Wednesday, February 19, 2014

From the Heart

From the Heart
Deut. 30:15-20; Matt. 5:21-37[1]
  I’ve mentioned before that I inherited the Brehm family Bible from my Grandfather.  It was given to my Great-Great Grandfather William Brehm and his wife Elizabeth by her parents as a wedding gift.  I find it interesting that the inscription they chose for presenting a Bible to their children for their wedding was John 14:23: “Those who love me will keep my word, and my Father will love them, and we will come to them and make our home with them.”  But it’s also interesting that this Bible is a version of Martin Luther’s translation.  The fact is that Luther “edited” his version of the Bible, placing books like James and Hebrews at the end because he questioned whether they really fit with the Gospel of salvation through Jesus Christ.
  You see, Martin Luther originally had a hard time with God, because he believed God to be demanding, a God of justice but not mercy.  He tried every way he knew to live up to the demands of this severe God—even literally beating himself at times.  Finally he discovered that salvation was by grace alone, by faith alone.  Through the lens of that discovery, he began to view the New Testament as “gospel” and the demands of the Hebrew Bible as “law.”  For Luther, it was crucial that Jesus had come to set us free from the “law.”  And he “wrote” this perspective into his translation of the Bible by placing books he didn’t care for at the end.  But Luther wasn’t the first or the last to try to “edit” the Bible.  I think the real problem for us is that what they did on paper, we do in fact.  We simply omit those portions of the Bible from actual use.  I think this tends to apply especially to the “law” with its demands.[2]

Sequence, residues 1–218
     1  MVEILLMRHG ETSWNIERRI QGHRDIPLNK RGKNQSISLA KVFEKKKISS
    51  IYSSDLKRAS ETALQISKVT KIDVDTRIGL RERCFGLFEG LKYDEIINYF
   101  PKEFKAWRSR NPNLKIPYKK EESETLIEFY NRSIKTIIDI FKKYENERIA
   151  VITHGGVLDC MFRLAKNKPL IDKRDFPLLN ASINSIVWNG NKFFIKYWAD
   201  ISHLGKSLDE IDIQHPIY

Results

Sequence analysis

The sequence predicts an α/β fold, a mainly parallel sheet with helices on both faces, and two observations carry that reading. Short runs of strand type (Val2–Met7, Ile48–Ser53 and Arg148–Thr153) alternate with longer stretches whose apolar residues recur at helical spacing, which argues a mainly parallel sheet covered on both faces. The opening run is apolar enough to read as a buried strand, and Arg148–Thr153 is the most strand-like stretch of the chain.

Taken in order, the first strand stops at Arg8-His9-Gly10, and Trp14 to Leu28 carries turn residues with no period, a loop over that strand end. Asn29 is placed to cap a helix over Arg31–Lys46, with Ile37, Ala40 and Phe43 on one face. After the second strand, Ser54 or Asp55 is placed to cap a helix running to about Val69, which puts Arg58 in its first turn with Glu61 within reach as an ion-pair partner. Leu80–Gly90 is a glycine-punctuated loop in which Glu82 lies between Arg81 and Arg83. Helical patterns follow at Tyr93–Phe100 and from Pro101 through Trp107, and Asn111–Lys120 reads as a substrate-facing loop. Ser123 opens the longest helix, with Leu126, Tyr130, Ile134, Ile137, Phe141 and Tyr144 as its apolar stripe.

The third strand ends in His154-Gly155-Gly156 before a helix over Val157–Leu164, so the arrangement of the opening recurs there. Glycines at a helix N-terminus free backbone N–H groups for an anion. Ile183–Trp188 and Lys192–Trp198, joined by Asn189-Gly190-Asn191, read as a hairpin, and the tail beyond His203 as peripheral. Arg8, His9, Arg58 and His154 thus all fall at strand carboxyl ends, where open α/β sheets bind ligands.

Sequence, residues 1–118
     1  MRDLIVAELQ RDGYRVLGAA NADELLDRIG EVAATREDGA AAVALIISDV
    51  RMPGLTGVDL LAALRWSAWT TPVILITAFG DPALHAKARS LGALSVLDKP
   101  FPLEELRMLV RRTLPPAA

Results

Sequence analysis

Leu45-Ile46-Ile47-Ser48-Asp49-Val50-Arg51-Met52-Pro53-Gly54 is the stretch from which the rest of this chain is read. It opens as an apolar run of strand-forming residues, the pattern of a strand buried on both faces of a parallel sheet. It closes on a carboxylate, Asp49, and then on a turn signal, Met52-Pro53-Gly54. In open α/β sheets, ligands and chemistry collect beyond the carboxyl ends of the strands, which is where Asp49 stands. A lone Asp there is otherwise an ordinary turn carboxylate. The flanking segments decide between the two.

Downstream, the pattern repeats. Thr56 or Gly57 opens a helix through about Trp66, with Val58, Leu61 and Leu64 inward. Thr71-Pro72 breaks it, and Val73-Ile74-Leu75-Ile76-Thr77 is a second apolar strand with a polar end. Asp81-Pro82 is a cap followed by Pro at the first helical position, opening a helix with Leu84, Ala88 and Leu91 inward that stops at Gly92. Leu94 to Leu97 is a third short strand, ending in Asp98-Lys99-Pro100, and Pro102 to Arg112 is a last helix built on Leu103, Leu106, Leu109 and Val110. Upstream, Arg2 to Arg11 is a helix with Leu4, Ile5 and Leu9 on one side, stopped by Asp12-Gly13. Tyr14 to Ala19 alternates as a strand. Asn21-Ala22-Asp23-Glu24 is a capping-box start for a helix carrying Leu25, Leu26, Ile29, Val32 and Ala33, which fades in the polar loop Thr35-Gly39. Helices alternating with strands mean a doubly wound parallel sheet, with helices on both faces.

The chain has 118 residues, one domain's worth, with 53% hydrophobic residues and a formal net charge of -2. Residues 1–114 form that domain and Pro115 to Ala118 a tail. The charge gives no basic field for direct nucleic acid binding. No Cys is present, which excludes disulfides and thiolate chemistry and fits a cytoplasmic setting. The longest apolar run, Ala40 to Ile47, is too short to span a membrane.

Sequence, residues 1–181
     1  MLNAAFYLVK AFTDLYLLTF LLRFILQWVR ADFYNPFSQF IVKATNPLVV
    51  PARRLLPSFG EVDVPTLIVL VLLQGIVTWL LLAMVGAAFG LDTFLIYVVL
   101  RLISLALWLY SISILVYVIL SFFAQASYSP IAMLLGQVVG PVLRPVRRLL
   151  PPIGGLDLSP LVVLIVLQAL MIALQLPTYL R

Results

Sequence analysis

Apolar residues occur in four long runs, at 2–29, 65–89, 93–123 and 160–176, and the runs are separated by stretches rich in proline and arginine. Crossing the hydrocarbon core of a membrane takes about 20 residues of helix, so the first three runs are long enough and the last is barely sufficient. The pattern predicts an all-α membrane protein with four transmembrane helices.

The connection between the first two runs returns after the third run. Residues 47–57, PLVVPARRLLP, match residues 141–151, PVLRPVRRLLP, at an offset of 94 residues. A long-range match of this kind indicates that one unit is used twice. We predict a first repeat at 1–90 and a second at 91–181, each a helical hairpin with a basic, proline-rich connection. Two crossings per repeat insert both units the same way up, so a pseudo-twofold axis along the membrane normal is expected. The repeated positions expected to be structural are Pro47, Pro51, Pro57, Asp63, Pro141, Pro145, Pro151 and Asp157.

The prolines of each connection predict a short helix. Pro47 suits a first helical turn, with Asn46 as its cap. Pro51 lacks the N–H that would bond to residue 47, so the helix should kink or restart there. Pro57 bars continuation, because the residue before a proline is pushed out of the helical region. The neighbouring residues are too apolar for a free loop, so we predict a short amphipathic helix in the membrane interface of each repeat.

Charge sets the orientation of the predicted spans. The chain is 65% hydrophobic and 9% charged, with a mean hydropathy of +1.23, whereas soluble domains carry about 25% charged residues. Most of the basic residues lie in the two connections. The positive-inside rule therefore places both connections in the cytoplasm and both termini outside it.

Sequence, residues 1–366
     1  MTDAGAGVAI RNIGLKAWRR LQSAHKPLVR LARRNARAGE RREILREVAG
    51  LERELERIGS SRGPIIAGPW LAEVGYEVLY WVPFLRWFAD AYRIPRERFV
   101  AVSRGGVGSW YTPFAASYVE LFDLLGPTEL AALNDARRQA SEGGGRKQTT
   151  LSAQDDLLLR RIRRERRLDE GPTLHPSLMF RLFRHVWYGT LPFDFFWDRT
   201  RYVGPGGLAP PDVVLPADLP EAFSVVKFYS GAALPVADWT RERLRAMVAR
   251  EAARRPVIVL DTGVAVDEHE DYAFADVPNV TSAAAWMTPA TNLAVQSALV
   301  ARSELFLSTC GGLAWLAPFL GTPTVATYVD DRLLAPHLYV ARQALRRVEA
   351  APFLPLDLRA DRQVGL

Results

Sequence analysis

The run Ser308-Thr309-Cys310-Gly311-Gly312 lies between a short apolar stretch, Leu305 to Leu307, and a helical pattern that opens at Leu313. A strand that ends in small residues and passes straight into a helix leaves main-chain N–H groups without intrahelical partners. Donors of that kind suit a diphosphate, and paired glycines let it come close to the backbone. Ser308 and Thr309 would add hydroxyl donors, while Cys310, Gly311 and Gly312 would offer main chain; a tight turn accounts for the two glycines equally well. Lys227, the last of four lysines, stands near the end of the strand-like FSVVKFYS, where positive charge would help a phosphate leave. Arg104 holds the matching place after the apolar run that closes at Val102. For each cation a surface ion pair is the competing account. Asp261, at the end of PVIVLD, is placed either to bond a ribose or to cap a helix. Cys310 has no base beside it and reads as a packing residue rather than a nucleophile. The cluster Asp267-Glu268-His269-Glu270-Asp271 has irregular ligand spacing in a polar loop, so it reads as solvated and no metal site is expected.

But that’s not really consistent with our lesson from Deuteronomy for today.  The basis for the commandments was the relationship God wanted with the people of Israel, called the “covenant.”  Throughout the Hebrew Bible, God called the people to commit themselves wholeheartedly to this relationship.[3]  The commandments were viewed as a gift that made it possible for the people to align their lives with God’s intention for their life.  In the context of this relationship, the purpose of the commandments was to define human life in terms of loving God.[4] Our lesson from Deuteronomy says it this way: “choosing life” means “obeying the commandments of the LORD your God … by loving the LORD your God, walking in his ways, and observing his commandments” (Deut. 30:16).  It means “loving the LORD your God, obeying him, and holding fast to him” (Deut. 30:20).[5]
  Some might object that in the “Old Testament” people had to earn their salvation through obedience, while we’ve been set free from all that by Jesus Christ.  Not only does that not do justice to what we’ve heard from the Hebrew Bible today, it also doesn’t accurately reflect our Gospel lesson.  In this section of the Sermon on the Mount,  Jesus’ approach to the commandments is not to set them aside, but to make them a central part of what it means “hold fast” to God![6]  For him it means that we not only don’t kill one another, we also avoid hatred and anger.  Instead we practice reconciliation in our relationships.[7]  For him keeping the commands means that we not only avoid promiscuity, we also relate to others with pure hearts.[8]  For him, obeying God means that we avoid all the ways people use to circumvent the truth and practice simple, straightforward honesty.[9]  In other words, for Jesus, obeying God is not just a matter of what we do, it’s something that comes from the heart.[10]